sudo -u www-data php /var/www/rss/update_daemon2.php > /dev/null&
exit 0

A couple of things to notice here. First, the redirection to /dev/null. Whichever terminal you execute that script from, it will send a ton of data to STDOUT. Also, if it doesn't succeed, the redirection to /dev/null may not display some error output. So, only after you are sure that everything is setup correctly, should you be redirecting the output. Second, is the fact that we are running the script as the "www-data" user (the default user for Apache on Debian/Ubuntu). The script should not run as root.

Now, execute the following, and you should be good to go:

# /etc/init.d/rc.local start

You now have a web-based RSS reader licensed under the GPL running under your domain that you control. If you have an Android smartphone, then install the official Tiny Tiny RSS app, along with it's unlock key, and put in your username, password, and URL to the installation. The Android app is also GPL licensed. Make sure you purchase the unlock key, or your app will only be good for 7 days (it's trialware).

Lastly, both Liferea and Newsbeuter support Tiny Tiny RSS. However, make sure you get the latest upstream versions from both, as Tiny Tiny RSS changed their API recently. For Newsbeuter, this means version 2.6 or later (I actually haven't tested Liferea). I'll show how to get Newsbeuter working with Tiny Tiny RSS. All you need to do, is edit your ~/.config/newsbeuter/config file with the following contents:

auto-reload "yes"
reload-time 360
text-width 80
ttrss-flag-star "s"
ttrss-flag-publish "p"
ttrss-login "admin"
ttrss-mode "multi"
ttrss-password "password"
ttrss-url "http://example.com/rss/"
urls-source "ttrss"

Restart Newsbeuter, and you should be good to go.

You now have a full Google Reader replacement, with entirely Free Software. Synchronization between the web, your phone, and your desktop, including a mobile version of the page for mobile devices. And it only cost you two bux.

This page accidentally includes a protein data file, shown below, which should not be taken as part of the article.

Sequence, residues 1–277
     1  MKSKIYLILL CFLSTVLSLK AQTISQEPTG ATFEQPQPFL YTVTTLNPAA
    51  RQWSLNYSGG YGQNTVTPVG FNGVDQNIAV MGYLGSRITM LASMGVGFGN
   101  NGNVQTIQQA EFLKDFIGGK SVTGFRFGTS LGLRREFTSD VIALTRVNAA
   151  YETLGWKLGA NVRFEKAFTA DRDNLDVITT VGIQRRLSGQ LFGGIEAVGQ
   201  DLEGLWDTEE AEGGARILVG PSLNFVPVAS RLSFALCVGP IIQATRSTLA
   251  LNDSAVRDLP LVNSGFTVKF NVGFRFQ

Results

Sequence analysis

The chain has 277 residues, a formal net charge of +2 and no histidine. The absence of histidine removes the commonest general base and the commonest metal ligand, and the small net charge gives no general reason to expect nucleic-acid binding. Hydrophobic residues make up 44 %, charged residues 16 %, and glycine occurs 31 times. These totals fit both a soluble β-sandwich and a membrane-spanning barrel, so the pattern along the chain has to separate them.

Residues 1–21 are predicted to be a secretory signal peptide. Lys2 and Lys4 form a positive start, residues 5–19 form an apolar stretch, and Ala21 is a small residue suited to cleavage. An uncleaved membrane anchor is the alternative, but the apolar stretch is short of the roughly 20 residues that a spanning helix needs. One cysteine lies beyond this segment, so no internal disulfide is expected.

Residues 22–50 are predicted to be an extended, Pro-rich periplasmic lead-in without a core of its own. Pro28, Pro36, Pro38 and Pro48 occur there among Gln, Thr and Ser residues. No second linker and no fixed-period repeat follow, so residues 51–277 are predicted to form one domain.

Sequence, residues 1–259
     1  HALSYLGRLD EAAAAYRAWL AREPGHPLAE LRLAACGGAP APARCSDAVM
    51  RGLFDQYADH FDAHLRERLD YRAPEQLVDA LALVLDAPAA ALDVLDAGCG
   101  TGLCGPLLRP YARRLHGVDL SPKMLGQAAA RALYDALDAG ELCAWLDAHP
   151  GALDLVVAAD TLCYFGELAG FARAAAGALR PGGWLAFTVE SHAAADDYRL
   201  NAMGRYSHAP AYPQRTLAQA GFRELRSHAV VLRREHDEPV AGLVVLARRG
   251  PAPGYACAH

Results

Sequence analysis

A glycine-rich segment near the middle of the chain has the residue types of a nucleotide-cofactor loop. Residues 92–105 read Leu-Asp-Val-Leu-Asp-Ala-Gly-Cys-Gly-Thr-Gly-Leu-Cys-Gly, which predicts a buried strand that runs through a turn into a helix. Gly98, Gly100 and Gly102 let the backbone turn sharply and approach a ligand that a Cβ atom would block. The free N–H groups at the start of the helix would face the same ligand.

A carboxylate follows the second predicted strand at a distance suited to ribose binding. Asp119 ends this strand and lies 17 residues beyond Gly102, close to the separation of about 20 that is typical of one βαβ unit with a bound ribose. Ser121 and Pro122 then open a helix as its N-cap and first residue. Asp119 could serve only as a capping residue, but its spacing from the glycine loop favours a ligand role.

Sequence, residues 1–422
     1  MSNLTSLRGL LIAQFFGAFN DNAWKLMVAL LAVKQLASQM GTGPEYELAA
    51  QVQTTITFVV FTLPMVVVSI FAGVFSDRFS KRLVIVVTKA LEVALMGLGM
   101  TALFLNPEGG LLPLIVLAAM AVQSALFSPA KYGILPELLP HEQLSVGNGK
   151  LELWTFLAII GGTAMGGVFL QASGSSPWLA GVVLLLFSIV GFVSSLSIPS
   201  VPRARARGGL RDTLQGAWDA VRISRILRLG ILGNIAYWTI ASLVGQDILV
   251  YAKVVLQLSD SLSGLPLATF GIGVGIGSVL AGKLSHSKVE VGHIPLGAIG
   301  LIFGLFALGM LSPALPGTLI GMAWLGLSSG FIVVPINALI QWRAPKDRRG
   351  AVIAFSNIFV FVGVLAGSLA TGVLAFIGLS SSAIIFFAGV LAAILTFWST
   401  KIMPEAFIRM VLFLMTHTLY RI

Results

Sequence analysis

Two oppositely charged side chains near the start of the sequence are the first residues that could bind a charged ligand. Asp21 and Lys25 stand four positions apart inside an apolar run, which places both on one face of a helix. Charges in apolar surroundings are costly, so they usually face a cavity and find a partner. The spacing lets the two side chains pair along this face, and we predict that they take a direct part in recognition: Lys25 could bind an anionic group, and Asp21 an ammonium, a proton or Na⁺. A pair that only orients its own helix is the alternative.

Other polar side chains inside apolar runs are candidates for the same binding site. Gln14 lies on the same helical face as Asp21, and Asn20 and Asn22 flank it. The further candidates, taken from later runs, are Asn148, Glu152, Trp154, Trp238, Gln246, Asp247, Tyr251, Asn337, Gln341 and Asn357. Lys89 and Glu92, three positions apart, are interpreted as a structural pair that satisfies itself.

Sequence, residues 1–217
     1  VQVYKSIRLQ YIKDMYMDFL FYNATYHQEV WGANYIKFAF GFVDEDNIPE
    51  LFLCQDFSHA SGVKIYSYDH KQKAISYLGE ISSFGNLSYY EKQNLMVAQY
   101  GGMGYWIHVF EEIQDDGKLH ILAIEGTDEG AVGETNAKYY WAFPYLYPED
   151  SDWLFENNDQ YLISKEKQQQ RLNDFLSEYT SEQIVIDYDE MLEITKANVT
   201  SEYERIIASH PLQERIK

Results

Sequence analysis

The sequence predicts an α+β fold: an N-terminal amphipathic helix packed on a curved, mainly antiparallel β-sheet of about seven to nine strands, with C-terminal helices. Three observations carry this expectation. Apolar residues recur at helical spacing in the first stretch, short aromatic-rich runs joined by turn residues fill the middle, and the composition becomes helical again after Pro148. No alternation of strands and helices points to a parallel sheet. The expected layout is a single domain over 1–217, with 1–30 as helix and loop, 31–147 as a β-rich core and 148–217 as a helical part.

{ 12 } Comments

  1. Evgeni using Google Chrome 26.0.1410.35 on Android | March 17, 2013 at 11:33 pm | Permalink

    You don't even need to spend $2 as the Android app is FOSS and available for free at F-Droid ;)

  2. Tomáš using Opera 9.80 on GNU/Linux 64 bits | March 18, 2013 at 2:11 am | Permalink

    How much hardware power tiny tiny rss needs? I tried to search for an openwrt based solution but did not find any.

  3. Petre using Debian IceWeasel 10.0.12 on GNU/Linux 64 bits | March 18, 2013 at 5:20 am | Permalink

    Any known trick to get the posts themselves from Google? I find myself constantly searching through reader for posts i've read months or years ago (which are no longer in the current feed and possibly not on the publisher's site anymore).

    As far as I can tell, the only way of getting them out is screen-scraping Reader itself. Getting them into TT-RSS's database should be easier. Has anyone done something like this yet?

  4. Adam Ziaja using Firefox 19.0 on Ubuntu 64 bits | March 18, 2013 at 9:11 am | Permalink

    RSSOwl is also good.

  5. Aaron Toponce using Google Chrome 25.0.1364.97 on GNU/Linux 64 bits | March 18, 2013 at 12:59 pm | Permalink